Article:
It prompted interesting thoughts around the impact of wikileaks on corporate comms.
My take on the night was concerned with potential unintended consequences:-
the call for opennes and transparency will lead to more secrecy (remember the FOI Act?)
transfering control of information from one media to another (and the new media is unregulated!)
the potential for manipulation (political control, share prices).
My final reflection is that although most of the conversation last night was around new media and technology, I’m not sure it’s relevant. I suspect that I am part of a majority who consumed the Wikileaks information through traditional media, I haven’t even viewed the site! Ironically, the “whistleblowers” didn’t even use the site to upload their their dossiers – they handed them over on discs and memory sticks and hard documents – so they didn’t even use the Wiki. I suspect whistleblowers fear they are more likely to be traced if they upload their information onto a site.
It seems to me that the Wikileaks phenonmena is a situation where the custodians of the media and the sources of the information are making decisions on what information to share and use sensationalism to get interest. They present themselves as the ‘voice of the people’, claiming to represent public interest, without really understanding who the public are, never mind their interests. Arguably pursuing their own personal and political agendas without regard to the wider consequences like national security and economy.
So what has changed? Not a lot, it’s just got less regulated.
Heaven forbid, there may be a WikiMurdoch just around the corner.
Interesting news that Bank of America to follow the lead of Paypal and Mastercard and are stopping transactions for Wikileaks. Brilliant news for the conspiracy theorists:-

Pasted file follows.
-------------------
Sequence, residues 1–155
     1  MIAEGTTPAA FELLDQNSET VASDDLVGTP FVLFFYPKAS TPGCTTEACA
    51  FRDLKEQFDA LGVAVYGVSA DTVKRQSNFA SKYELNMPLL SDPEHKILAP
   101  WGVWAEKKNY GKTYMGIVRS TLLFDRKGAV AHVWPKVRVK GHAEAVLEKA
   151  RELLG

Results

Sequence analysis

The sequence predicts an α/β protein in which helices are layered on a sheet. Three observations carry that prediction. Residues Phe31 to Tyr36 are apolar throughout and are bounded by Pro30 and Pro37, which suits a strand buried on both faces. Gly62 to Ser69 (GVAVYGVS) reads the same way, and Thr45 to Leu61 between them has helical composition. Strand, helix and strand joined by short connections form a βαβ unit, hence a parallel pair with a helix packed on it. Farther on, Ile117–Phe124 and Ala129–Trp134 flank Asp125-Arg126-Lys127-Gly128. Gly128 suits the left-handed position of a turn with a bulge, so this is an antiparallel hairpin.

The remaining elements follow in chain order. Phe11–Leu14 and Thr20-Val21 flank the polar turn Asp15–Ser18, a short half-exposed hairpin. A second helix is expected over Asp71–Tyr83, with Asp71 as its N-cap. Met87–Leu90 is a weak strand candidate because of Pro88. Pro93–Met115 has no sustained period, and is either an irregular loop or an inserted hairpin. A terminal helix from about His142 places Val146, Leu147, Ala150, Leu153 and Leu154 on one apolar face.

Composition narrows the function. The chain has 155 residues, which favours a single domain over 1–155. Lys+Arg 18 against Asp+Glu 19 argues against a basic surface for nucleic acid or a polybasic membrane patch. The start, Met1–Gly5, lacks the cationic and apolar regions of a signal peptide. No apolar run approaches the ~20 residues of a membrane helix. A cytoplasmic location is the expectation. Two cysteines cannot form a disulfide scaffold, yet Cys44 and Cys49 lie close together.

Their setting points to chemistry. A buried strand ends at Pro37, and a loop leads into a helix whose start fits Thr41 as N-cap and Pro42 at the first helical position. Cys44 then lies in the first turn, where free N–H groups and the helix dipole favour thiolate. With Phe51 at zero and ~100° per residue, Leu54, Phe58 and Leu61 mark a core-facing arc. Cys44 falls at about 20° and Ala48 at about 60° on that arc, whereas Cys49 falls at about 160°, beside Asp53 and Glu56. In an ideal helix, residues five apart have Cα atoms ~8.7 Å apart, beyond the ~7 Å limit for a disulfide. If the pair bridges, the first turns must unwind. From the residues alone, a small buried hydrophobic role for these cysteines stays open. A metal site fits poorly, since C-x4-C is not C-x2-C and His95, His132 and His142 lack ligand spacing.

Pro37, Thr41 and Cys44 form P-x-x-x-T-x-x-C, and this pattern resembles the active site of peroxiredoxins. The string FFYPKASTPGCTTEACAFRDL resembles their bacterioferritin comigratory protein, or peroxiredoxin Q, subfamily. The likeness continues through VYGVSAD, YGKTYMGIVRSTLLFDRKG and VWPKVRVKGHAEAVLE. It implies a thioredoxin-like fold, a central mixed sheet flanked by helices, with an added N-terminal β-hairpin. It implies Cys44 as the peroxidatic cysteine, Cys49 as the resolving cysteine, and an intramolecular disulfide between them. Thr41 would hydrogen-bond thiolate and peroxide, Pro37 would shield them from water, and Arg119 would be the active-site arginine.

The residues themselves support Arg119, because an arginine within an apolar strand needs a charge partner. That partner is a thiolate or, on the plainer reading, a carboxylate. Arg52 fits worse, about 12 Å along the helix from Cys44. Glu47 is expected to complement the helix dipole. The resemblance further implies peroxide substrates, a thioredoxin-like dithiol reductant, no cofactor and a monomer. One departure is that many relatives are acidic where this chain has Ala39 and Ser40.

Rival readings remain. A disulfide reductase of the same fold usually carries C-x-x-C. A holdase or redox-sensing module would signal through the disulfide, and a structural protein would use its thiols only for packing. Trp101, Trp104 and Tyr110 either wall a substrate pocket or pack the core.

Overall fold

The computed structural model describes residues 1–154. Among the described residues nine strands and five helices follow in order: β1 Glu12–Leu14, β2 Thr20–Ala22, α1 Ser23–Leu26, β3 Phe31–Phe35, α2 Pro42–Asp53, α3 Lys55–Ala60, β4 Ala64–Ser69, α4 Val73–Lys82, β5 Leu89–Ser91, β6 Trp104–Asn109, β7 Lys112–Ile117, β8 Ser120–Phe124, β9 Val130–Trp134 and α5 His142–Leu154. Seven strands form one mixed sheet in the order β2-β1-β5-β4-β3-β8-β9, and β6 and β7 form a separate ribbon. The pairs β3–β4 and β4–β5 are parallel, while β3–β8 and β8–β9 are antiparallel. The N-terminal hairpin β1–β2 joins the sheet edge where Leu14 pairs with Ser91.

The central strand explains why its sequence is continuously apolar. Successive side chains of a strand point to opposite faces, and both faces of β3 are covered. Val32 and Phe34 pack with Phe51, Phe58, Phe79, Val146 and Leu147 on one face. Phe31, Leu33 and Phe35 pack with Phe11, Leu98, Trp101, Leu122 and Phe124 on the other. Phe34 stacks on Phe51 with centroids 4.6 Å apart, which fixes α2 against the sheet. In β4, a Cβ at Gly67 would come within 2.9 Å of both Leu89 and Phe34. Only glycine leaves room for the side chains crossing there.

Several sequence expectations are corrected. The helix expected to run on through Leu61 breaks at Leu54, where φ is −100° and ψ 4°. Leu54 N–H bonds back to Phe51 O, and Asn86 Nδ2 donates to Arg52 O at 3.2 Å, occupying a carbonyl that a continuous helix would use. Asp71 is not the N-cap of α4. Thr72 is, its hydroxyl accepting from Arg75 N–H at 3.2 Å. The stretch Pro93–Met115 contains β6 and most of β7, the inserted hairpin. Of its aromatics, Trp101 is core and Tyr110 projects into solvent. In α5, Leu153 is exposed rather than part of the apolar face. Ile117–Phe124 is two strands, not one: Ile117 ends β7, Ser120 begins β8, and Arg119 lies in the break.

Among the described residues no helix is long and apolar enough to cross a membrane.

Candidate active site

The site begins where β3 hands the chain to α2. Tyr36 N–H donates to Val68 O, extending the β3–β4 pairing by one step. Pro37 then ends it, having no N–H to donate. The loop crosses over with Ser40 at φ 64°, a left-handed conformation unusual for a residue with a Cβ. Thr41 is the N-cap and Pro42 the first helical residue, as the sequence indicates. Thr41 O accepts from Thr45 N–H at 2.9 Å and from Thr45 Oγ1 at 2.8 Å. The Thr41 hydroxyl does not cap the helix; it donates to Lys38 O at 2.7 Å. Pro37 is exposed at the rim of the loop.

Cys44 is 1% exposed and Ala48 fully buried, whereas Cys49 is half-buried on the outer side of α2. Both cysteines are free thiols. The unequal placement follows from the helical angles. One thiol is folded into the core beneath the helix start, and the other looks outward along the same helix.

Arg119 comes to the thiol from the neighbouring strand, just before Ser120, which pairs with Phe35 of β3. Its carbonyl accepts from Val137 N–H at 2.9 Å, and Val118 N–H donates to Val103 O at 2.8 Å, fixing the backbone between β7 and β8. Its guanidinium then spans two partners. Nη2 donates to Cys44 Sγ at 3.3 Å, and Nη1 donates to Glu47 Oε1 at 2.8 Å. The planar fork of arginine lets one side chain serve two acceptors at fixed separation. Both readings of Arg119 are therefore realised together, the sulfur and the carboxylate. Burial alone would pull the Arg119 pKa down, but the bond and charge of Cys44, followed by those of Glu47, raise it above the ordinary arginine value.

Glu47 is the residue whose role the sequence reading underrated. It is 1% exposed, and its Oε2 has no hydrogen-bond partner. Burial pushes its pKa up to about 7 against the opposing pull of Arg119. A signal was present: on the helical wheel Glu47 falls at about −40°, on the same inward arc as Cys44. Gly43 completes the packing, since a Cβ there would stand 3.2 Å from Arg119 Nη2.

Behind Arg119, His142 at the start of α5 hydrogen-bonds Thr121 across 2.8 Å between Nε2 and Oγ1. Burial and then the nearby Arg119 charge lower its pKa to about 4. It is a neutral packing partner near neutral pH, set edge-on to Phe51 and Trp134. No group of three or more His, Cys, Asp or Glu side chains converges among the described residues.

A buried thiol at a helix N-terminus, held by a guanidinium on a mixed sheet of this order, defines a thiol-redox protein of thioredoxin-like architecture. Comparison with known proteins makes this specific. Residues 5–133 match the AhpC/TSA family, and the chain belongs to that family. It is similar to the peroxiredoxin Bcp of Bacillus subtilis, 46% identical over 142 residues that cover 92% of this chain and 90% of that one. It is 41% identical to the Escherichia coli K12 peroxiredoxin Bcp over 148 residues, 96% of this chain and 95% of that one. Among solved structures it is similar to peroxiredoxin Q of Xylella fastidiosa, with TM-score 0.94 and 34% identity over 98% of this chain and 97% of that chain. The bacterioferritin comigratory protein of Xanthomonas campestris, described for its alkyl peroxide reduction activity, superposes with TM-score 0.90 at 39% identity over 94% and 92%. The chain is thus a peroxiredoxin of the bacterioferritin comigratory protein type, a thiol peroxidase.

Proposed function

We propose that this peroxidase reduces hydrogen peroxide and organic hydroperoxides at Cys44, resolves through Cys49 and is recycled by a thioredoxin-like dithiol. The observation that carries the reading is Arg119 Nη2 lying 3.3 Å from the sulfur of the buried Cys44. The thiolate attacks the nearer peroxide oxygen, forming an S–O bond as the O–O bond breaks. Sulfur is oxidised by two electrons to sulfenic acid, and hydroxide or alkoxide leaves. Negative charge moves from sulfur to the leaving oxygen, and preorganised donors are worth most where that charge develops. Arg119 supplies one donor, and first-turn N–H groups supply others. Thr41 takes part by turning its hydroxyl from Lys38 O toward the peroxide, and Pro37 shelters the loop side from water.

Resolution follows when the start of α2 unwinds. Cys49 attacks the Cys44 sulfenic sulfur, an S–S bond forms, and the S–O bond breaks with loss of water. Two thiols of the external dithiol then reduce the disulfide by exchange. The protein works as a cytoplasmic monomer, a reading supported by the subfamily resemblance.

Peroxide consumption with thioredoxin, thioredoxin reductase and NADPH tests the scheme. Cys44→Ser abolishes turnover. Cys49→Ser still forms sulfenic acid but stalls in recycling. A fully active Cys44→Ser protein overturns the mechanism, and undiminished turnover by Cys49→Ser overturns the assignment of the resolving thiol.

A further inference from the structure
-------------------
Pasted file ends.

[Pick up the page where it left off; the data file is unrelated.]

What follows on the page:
Interesting to see which one you vote for.
Whatever BoA’s motives, Wikileaks is fighting back by asking BoA customers to cancel their accounts. Interesting to see which brand ultimately wins the war, raising the stakes for employee brand engagement – building your brand from the inside out. If it’s a battle for hearts and minds of your closest stakeholdesr, it looks like BoA are losing.
So what makes a Brand Assassin – an employee who feels compelled to leak sensitive data which will inevitably damage the reputation of their employer? There are a host of events that could trigger such action – fall out with boss, overlooked promotion or even fired. But these are only triggers. The fact is the employee must feel justified and probably because they have an insight into their organisations behaviour that doesn’t match what they tell the outside world.
Take former Merrill Lynch employee, Hal Blackwell who was fired in 2009. The bank claims he had violated their policies regarding contact with governmental entities, outside business entities, conflicts of interest and outside speaking engagements. Blackwell believes Merrill fired him because he repeatedly complained to his supervisors about firm practices that, he says, were detrimental to the best interests of his clients. Blackwell alleges that management was without a doubt aware in 2008 that the bank had a huge liquidity problem – and was telling its clients and investors otherwise, telling its advisors to do anything to make sure investors kept their money in equities and annuitized investments.
If his allegations are true and uncovered through Wikileaks then BoA’s first punch could well be their last and below the belt at that!